LISBON, Portugal – Portugal’s Communist Party announced Friday it has reached an agreement to back its Socialist Party ally, paving the way for a possible ouster of the country’s new centre-right government.
The deal came after an earlier agreement between the moderate, mainstream Socialists and the radical Left Bloc.
Together the three parties have 122 seats in the 230-seat Parliament, outnumbering the government, and have vowed to reject the government’s four-year policy program in a vote next week.
Such a defeat would force the government, which took office on Oct. 30, to resign, possibly opening the door for the unprecedented leftist alliance to take over. However, changes in government are overseen by Portugal’s president, who could also name a caretaker government until new elections are held.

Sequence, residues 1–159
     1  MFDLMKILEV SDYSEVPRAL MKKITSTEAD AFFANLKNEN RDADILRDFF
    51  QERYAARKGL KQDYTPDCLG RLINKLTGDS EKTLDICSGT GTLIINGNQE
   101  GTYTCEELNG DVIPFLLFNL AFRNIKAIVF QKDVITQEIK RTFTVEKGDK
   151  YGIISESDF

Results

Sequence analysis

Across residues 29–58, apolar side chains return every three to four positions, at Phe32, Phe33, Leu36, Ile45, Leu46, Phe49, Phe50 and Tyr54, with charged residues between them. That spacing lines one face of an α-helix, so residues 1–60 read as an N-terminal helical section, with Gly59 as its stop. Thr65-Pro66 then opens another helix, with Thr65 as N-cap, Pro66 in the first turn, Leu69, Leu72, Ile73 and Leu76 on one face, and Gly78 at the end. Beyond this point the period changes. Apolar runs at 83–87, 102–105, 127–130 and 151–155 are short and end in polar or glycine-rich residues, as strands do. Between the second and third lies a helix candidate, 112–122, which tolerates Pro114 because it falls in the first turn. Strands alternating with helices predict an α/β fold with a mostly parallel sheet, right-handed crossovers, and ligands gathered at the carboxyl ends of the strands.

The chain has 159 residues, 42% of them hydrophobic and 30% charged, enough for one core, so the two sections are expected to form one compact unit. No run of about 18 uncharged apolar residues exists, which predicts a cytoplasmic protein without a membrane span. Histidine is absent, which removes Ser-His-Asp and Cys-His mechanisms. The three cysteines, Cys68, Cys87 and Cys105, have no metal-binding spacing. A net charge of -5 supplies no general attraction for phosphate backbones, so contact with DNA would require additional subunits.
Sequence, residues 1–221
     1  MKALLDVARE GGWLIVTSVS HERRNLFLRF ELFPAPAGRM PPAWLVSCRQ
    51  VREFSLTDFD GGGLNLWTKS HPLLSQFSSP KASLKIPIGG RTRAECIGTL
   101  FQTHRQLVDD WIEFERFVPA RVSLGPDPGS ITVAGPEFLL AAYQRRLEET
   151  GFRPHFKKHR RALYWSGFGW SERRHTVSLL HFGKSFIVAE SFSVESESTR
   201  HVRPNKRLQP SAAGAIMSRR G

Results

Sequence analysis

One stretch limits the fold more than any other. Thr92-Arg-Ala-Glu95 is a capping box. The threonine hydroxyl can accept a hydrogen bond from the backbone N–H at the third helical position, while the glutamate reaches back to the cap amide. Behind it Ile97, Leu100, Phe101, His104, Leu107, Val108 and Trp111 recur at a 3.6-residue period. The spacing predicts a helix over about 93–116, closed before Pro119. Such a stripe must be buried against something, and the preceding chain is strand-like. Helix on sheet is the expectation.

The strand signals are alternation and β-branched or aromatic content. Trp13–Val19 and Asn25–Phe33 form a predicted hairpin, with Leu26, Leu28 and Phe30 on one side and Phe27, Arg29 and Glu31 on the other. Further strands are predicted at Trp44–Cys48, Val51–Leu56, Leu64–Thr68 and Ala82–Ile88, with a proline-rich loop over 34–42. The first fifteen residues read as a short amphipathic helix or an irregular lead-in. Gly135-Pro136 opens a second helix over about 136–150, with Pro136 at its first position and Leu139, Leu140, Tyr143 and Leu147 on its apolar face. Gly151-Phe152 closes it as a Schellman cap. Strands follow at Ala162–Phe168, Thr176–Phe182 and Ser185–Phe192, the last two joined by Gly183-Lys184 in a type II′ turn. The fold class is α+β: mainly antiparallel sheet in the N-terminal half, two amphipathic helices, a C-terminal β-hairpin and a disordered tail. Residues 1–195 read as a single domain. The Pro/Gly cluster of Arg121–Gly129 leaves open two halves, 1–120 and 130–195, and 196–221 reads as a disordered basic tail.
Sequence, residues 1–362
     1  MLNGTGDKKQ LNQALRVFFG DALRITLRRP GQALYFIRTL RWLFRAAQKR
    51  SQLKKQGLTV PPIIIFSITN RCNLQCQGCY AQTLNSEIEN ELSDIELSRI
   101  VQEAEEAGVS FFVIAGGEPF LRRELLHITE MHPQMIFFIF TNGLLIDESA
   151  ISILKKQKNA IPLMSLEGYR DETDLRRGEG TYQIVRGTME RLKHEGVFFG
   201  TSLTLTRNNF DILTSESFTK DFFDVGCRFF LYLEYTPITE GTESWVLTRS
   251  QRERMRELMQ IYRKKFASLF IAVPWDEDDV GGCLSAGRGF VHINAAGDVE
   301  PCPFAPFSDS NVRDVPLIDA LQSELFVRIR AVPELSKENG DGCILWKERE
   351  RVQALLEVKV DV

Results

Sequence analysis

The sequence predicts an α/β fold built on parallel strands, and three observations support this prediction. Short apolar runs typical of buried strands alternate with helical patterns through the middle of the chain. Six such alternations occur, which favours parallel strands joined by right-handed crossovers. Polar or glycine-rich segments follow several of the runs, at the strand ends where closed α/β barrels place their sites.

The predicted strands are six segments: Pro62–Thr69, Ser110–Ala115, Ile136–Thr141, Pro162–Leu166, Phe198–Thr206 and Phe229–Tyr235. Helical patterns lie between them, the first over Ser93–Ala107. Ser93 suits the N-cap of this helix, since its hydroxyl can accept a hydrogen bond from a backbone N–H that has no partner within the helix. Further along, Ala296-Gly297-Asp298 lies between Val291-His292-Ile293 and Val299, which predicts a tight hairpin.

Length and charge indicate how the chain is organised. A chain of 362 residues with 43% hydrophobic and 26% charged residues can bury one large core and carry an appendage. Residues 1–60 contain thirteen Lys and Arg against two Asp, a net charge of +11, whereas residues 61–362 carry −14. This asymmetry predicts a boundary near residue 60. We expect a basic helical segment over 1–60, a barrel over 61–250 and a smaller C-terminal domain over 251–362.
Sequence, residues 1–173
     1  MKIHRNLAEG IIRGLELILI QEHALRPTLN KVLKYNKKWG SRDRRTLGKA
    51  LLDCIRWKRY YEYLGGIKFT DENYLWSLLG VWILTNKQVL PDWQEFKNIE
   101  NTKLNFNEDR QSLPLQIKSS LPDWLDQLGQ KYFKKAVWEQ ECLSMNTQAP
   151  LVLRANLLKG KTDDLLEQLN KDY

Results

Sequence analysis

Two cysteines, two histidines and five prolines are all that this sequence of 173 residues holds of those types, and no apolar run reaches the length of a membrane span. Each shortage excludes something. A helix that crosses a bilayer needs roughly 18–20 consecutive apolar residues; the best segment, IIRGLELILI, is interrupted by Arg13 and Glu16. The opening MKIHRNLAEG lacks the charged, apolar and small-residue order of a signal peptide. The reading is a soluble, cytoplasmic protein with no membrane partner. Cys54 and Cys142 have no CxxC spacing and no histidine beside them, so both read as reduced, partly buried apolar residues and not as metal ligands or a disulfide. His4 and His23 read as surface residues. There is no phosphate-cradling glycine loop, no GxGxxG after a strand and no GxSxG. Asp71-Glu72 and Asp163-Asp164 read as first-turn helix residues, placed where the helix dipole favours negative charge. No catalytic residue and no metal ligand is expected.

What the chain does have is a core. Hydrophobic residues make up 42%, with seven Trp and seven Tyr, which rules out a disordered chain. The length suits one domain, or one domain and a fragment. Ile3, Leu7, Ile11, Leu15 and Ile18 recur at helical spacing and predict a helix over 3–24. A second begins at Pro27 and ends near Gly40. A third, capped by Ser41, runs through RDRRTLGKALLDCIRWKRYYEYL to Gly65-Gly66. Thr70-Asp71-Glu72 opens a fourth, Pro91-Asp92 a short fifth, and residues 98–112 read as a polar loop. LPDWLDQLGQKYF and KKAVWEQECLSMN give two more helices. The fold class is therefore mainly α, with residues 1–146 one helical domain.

The Communist Party said that after days of talks it had sent the Socialists the text of a “joint position” aimed at pushing out the government. The Socialist Party made no immediate comment.
The development came after several weeks of political tension following the Oct. 4 election.
At the heart of the political friction are the austerity policies introduced after debt-heavy Portugal’s 78 billion euro ($85 billion) bailout in 2011 amid a financial crisis that gripped countries sharing the euro currency. The government says public spending must remain frugal to lower debt. Its left-of-centre opponents want to ease austerity and reverse pay and pension cuts.
Prime Minister Pedro Passos Coelho said Friday he is ready to negotiate policies with the Socialists but added that “any more government spending needs to be counterbalanced,” either by savings elsewhere or through taxes.
One hundred Portuguese business leaders have signed an open letter expressing concern about the political uncertainty and warning it could hurt the economy if it continues.